Breckenridge: Gavin gets 12 years for Peak 9 murder |

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Breckenridge: Gavin gets 12 years for Peak 9 murder

Special to the DailyGregory Scott Gavin

Gregory Scott Gavin was sentenced to 12 years in prison Thursday for the brutal murder of local forest-dweller Karl Kohler at his Peak 9 campsite in May.

Gavin struck a plea deal with the district attorney’s office agreeing to make a statement revealing the details of the crime in exchange for a reduced charge and a maximum sentence of a dozen years in prison.

The 50-year-old local, who also made his home in the forest prior to his arrest, was quiet and subdued in court Thursday, taking a moment to control his emotions before making a short, remorseful statement.

“I didn’t want this to happen,” Gavin said. “I want to say to the Kohler family and his friends, I’m sorry for what I’ve done.”

He pleaded guilty to a charge of second-degree murder, heat of passion in September, after admitting to beating Kohler to death with a baseball bat when he arrived at Gavin’s campsite unannounced in the early hours of the morning.

There had reportedly been a history of hostility between Gavin and Kohler. Witnesses reported altercations between the two, and Kohler threatening to kill Gavin on at least one occasion prior to his death, public defender Dale McPhetres said in court Thursday.

But Kohler’s parents, brothers and friends said they didn’t believe Kohler had been the aggressor and some railed against a sentence they said was too light for the crime.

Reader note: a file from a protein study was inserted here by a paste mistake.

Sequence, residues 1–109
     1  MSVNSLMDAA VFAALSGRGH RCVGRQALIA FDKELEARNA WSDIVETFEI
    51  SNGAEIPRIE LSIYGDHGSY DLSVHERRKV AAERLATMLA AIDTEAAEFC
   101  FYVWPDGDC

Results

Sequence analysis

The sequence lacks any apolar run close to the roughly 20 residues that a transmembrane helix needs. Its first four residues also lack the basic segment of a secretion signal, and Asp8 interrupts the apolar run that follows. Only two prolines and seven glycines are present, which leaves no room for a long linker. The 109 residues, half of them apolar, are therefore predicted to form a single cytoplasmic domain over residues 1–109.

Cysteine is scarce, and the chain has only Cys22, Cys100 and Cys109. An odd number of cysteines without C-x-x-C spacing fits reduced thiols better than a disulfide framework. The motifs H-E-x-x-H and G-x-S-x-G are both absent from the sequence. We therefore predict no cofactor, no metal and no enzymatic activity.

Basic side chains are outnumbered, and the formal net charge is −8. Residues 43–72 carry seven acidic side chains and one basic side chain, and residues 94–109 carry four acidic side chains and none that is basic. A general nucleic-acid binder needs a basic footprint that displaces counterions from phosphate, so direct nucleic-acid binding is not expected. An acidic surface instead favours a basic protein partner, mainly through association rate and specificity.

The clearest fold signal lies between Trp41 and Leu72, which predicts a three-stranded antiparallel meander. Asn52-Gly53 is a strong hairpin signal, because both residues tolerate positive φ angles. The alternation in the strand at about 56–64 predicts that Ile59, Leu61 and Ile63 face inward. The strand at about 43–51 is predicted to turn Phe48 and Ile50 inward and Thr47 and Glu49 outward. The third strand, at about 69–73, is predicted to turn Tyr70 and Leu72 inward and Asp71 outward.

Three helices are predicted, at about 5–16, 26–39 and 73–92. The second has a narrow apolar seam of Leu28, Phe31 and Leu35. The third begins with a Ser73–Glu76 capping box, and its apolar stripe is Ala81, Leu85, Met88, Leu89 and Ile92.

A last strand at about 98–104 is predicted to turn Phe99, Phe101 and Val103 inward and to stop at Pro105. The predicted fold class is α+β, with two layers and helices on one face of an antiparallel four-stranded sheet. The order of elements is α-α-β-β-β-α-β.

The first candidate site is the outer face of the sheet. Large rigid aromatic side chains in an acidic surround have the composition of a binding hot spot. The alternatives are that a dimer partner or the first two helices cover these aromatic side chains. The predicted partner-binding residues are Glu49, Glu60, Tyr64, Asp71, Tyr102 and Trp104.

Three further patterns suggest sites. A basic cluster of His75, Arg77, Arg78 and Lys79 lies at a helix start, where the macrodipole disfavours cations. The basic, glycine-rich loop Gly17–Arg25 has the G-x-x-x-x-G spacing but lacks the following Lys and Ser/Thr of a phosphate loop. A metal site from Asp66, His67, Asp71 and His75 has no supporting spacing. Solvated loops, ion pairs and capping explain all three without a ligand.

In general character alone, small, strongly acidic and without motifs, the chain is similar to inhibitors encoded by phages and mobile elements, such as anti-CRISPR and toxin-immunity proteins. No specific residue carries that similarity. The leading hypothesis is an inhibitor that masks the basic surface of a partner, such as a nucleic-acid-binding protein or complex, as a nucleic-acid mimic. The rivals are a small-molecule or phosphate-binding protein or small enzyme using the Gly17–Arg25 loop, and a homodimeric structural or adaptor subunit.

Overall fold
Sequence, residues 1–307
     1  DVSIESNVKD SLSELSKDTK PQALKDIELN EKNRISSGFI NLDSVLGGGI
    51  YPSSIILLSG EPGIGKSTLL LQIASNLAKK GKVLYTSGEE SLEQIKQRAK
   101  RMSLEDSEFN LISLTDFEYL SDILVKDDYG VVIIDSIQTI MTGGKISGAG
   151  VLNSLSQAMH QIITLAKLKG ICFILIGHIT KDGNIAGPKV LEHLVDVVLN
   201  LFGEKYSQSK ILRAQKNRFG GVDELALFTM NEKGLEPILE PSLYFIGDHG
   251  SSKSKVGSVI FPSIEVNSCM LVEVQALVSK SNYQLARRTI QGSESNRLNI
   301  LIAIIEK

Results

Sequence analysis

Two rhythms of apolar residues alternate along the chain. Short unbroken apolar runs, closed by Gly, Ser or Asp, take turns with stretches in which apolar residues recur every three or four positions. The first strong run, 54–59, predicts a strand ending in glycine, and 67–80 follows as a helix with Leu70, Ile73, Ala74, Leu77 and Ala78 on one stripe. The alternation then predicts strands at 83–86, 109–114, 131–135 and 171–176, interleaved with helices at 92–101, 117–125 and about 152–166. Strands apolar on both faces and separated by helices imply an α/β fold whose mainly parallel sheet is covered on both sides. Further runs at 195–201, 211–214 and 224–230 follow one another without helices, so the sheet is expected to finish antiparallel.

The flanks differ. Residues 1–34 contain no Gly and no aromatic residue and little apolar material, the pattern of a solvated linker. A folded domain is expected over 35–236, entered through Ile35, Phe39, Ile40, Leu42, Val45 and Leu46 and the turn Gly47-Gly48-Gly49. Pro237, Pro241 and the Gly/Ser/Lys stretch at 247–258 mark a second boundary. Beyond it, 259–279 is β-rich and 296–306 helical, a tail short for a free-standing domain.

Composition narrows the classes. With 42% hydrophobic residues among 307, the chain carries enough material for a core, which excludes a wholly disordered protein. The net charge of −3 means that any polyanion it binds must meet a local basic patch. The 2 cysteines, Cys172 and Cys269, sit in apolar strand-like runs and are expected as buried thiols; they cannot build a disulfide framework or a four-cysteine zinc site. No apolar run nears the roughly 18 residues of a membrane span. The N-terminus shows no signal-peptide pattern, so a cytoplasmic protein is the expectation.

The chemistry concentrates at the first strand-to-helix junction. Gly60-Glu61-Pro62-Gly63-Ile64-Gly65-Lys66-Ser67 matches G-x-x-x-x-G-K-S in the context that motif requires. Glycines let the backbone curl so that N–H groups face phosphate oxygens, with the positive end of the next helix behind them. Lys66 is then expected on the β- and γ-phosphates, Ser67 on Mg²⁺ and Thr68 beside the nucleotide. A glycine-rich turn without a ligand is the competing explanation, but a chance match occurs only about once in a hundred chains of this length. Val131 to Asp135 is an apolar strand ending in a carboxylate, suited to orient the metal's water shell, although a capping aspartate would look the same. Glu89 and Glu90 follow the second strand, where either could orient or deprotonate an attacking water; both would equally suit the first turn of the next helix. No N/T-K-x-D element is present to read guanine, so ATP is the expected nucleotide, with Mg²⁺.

“It is in the most importance sense, there can be no justice for Karl because nothing the court or the defendant does can make Karl or those who loved him whole,” Kohler’s brother Ralph stated in a letter to the court read by District Attorney Mark Hurlbert. “When I thought Karl’s death was the result of an argument that got out of hand, I thought that while 12 years of a person’s life was a significant price, it seemed like a price that was in no way fair to Karl.”

Some members of Kohler’s family hurled accusations at prosecutors, implying the plea deal and maximum 12-year sentence were related to the state’s reluctance to spend money prosecuting the murder of a homeless man.

“I feel 12 years is little to pay for committing first-degree murder,” Kohler’s brother Troy LaBerge told the court. “It does not matter where Karl lived or what his social status was.”

But Hurlbert said the plea deal was necessary to getting the real story about what happened between Gavin and Kohler the night of Kohler’s death. Little was known about the incident before Gavin made a full statement to Summit County law enforcement as part of the deal.

“In a plea bargain you have to give something to get something,” Hurlbert said. “What we were looking for was the truth. That’s why we made the plea bargain. It had nothing to do with saving the state money. We were prepared to go to trial. It had absolutely nothing to do with Karl’s status as a transient.”

Gavin’s statement has not been released to the public.

Statements made in court indicated the crime may have occurred after an argument between the two men over money escalated.

Volunteers participating in town Clean Up Day discovered Kohler’s body near the Burro Trail Trailhead in May at what was later determined to be Gavin’s campsite. Gavin was arrested a few weeks later.

His sentence will include five years probation in addition to the prison sentence.

Kohler, 45, had lived in Summit County for approximately 10 years, making his permanent home in the woods. Friends remembered him as intelligent and artistic, but said he had lived a hard life.